Ministry of Finance (Afghanistan)

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Ministry of Finance
Agency overview
Jurisdiction Government of Afghanistan
Headquarters Pashtoonistan Watt Kabul, Afghanistan
Minister responsible
National emblem of Afghanistan.svg
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The Ministry of Finance of Afghanistan is responsible for the implementation and execution of the budget, collection of taxes, organization, and control of public expenses in Afghanistan; it also controls the management of the Custom Affairs.[1] The Ministry of Finance provides a quarterly report to inform the public of advancements in Afghanistan's financial sector.[2]


The importance of taxes was first given a significant role under the rule of Ahmad Shah Baba. “In 1140, a number of governmental departments and offices were established, including the Ministry of Finance of Afghanistan, which was named Humayon Alla.” [3] The first minister was Abdullah Khan Popalzai better known as Dewan Begi. His successor Mustafawi Almalik improved the national economic system and monitoring of financial accounting in Afghanistan. Under king Habibullah Khan the tax base was small and the majority of Afghans did not accept the system in place. After achieving independence and reform of administrative military organization, the new Ministry of Finance was established. “Later, in 1965 the financial systems were developed and officially introduced in Afghanistan.” [4] According to the requirements and needs of Afghan financial system the ministry of Finance has following structure: Ministry, Deputy Administrative, Financial Deputy, Deputy Revenue and Customs, and Deputy Policy.[5] The Ministry of Finance has 12 departments and each department has certain responsibilities to lead and manage.


International donors financially support the main portion of the Afghan governmental budget. As the Ministry of Finance is responsible for public finance and budget expenses throughout the country, it encourages international donors to provide direct budget aid in order to strengthen the position and credibility of the Ministry of Finance. According to the Afghanistan National Development Strategy the target sectors in 1390 (2011) were the security sector, the education sector and the governance sector.[6] The goal of the strategy is reduce poverty, accelerate economic growth and improve security and governance.[7] In 1391 (2012), budget AFS 18,838 million was allocated to security sector, for Education sector 5.533 million and for governance sector 2,531 million were allocated.[8]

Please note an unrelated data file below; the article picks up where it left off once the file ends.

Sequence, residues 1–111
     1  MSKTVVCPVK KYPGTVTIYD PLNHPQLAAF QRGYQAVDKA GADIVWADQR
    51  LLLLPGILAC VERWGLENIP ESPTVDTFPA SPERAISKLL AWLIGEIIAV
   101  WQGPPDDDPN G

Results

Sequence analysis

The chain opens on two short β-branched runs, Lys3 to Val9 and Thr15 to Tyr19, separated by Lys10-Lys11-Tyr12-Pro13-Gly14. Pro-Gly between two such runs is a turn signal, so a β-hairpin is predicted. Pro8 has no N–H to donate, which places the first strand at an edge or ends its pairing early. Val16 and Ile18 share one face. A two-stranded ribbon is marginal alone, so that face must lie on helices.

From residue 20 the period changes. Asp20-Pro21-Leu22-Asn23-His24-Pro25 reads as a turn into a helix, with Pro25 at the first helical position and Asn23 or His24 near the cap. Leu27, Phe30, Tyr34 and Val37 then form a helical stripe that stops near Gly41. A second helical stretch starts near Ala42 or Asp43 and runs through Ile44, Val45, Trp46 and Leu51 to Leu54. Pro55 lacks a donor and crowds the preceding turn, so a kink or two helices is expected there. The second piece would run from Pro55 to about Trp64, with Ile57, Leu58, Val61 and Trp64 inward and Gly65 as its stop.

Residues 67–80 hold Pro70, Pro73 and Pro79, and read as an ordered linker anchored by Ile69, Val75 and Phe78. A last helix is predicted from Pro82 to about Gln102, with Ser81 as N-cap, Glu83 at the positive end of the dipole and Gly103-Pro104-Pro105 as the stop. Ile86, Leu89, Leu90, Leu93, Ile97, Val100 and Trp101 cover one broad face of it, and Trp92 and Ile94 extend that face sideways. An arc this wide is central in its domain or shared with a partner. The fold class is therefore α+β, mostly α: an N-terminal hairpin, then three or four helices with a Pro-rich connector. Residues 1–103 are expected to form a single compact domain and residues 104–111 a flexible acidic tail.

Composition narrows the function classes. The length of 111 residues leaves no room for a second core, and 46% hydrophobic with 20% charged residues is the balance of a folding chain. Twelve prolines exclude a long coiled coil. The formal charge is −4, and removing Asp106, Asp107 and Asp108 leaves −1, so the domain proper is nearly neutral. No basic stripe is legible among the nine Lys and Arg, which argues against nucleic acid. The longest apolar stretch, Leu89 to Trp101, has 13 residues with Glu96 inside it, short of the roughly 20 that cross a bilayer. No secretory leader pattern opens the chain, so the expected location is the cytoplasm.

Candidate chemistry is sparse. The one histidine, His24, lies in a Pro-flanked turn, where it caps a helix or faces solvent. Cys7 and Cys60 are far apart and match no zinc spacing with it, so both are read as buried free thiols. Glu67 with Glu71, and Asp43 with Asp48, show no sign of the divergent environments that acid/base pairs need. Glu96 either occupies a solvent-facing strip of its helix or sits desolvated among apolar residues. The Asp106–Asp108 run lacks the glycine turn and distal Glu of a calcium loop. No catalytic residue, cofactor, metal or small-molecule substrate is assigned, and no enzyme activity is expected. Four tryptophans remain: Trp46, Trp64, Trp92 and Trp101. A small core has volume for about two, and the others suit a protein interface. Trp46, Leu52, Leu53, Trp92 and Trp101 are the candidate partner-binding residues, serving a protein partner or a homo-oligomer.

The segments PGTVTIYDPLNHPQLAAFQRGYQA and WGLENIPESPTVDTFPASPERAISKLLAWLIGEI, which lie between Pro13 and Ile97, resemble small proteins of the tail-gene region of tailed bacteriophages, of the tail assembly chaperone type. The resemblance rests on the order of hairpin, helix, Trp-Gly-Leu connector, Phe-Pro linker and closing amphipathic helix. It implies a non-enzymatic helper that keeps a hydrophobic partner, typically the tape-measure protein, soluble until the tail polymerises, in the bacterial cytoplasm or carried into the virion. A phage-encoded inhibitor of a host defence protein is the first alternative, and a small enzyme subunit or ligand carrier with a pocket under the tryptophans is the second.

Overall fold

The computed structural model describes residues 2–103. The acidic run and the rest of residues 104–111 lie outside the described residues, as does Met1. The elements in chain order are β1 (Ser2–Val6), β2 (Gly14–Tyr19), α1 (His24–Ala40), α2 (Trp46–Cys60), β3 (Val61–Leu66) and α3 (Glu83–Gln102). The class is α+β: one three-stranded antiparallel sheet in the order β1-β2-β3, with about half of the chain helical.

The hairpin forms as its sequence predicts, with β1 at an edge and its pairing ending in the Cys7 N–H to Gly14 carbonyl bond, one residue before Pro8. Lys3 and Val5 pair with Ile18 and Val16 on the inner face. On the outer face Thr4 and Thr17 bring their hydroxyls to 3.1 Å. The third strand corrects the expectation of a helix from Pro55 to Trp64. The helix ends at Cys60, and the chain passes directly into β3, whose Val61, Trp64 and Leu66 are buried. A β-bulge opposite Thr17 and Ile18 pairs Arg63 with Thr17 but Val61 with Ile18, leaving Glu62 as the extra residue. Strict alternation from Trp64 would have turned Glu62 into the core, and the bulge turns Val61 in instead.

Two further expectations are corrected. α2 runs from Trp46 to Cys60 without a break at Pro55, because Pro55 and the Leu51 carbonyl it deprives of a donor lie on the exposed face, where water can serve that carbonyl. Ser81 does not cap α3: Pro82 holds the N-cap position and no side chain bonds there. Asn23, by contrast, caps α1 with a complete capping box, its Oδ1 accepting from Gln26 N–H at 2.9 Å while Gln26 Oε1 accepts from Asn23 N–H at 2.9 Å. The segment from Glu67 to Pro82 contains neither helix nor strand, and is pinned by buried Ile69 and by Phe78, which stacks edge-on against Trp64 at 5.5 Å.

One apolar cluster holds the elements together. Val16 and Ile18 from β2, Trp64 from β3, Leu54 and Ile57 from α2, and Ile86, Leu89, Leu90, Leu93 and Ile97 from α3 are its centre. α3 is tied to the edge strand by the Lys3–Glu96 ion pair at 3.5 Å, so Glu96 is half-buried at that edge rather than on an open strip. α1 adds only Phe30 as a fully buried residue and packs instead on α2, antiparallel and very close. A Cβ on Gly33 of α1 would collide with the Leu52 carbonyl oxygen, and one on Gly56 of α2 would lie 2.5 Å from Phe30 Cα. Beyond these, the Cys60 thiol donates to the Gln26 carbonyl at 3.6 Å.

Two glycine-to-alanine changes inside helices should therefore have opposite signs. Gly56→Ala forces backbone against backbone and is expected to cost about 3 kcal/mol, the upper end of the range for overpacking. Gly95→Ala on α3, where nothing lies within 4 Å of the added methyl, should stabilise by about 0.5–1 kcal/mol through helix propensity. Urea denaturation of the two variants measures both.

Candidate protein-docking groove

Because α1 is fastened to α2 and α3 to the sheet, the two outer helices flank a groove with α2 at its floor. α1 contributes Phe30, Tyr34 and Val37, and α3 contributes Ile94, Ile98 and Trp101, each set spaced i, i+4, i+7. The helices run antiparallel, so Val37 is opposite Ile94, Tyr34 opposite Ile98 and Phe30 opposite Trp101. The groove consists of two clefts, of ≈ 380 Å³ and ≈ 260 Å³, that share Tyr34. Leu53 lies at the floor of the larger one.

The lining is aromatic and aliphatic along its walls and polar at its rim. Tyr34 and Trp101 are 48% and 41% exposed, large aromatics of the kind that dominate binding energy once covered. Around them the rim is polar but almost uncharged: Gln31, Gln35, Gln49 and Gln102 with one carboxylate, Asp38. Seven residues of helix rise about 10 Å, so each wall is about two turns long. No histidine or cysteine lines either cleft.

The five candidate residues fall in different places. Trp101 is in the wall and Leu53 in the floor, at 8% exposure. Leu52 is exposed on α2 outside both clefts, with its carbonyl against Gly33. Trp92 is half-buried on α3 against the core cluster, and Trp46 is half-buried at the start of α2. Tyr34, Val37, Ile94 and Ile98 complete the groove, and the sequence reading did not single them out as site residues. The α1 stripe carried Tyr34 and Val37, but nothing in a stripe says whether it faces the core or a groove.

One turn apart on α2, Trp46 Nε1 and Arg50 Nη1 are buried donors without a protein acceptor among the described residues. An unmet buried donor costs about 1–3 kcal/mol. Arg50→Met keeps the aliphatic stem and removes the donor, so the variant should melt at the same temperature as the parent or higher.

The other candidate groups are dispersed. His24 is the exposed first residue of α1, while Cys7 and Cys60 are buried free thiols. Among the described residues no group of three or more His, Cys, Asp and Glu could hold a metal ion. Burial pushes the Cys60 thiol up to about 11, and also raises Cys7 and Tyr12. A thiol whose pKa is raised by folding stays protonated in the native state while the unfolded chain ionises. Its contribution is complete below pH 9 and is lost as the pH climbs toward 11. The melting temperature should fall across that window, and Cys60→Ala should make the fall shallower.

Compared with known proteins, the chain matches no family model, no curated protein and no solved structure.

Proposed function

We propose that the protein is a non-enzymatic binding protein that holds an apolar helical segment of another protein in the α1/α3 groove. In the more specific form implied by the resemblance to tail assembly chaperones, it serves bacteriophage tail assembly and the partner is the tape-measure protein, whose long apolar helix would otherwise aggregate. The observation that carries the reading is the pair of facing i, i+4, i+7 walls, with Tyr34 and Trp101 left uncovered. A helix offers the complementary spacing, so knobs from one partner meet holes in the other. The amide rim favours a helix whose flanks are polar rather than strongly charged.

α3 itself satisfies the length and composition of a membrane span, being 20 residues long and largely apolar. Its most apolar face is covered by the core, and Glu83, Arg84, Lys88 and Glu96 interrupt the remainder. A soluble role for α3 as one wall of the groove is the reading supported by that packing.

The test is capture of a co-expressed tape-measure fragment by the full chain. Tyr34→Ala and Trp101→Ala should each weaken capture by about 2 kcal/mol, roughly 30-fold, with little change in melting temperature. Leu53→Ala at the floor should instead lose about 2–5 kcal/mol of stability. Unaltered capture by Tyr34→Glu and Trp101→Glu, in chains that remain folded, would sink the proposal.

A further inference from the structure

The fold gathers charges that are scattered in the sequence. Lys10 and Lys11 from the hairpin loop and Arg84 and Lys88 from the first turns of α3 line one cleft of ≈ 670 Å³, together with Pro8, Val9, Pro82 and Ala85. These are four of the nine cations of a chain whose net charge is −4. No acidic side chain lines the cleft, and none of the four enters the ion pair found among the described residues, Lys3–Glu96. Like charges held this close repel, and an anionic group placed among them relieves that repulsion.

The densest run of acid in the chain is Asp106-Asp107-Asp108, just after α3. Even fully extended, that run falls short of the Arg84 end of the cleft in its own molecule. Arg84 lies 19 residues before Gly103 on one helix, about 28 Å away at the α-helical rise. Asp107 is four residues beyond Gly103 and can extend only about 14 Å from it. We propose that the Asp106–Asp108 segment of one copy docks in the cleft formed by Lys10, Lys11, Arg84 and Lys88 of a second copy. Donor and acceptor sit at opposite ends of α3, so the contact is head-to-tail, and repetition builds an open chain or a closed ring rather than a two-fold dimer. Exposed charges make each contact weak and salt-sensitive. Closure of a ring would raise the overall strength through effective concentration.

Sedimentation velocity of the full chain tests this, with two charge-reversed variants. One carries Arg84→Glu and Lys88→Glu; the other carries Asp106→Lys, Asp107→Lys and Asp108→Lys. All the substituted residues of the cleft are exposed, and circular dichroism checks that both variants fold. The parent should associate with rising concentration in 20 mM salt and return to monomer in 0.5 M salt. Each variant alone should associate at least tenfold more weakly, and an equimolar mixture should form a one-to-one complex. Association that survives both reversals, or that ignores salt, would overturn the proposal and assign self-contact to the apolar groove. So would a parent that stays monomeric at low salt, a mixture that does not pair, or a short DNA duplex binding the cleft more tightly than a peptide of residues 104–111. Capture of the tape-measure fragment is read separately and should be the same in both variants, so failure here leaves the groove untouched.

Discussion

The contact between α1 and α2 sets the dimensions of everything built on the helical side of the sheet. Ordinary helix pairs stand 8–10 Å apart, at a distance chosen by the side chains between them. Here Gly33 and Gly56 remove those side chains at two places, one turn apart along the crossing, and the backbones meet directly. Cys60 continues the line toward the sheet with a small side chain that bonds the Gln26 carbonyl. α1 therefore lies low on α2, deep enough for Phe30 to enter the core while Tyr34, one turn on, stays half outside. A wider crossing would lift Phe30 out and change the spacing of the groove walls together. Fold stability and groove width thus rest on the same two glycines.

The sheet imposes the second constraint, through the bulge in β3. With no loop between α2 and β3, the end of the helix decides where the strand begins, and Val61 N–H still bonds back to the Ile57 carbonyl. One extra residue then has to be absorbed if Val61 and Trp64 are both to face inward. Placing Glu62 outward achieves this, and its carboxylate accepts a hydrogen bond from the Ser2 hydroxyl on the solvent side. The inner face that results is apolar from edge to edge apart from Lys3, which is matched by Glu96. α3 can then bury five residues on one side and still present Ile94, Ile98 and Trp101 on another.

The total development budget for fiscal year 1390 (2011) was Afs 74 billion - which is equal to 1.4 billion USD - and it increased to Afs 101.2 billion equal to 1.9 billion USD in 1391 [9] Whereas in 1391 the total development grants reached to 14.2 billion which increased by 49.5 percent throughout the year.[10] The Ministry of Finance tries to adjust its financial systems and financial activities according to international rules and regulations. In order to accomplish these targets, the Ministry of Finance created new units, which include staff enrollment parts, policy design, and budget execution. The main goal of Ministry of Finance is control the financial affairs of the country in order to have an economically more powerful country and make sure that public wealth is improved.[11]


1. Abdullah Malikyar 1960 under King Mohammed Zahir Shah
2. Sayed Qassem Rishtya July 1964 - October 1965
3. Mohammad Aman 1969 - 1971
4. Fazal Haq Khaliqyar 1971 - 1972 under President Mohammed Daoud Khan
5. Hedayat Arsala December 2001 - June 2002 under President Hamid Karzai
6. Ashraf Ghani June 2002 - December 2004
7. Anwar ul-Haq Ahady December 2004 - February 2009
8. Omar Zakhilwal February 2009 – February 2015
9. Eklil Ahmad Hakimi February 2015 – Present under President Ashraf Ghani

External links[edit]


  1. ^
  2. ^
  3. ^ "Archived copy". Archived from the original on 2013-04-03. Retrieved 2013-04-15. 
  4. ^ "Archived copy". Archived from the original on 2013-04-03. Retrieved 2013-04-15. 
  5. ^ "Archived copy". Archived from the original on 2013-04-03. Retrieved 2013-04-15. 
  6. ^
  7. ^ Ministry of Finance Fiscal Bulletin magazine, p. 19-20
  8. ^ Ministry of Finance Fiscal Bulletin magazine, p. 19-20
  9. ^ Ministry of Finance Fiscal Bulletin magazine, p. 19-20
  10. ^ "Archived copy". Archived from the original on 2013-04-03. Retrieved 2013-04-15. 
  11. ^ "Archived copy". Archived from the original on 2013-04-03. Retrieved 2013-04-15.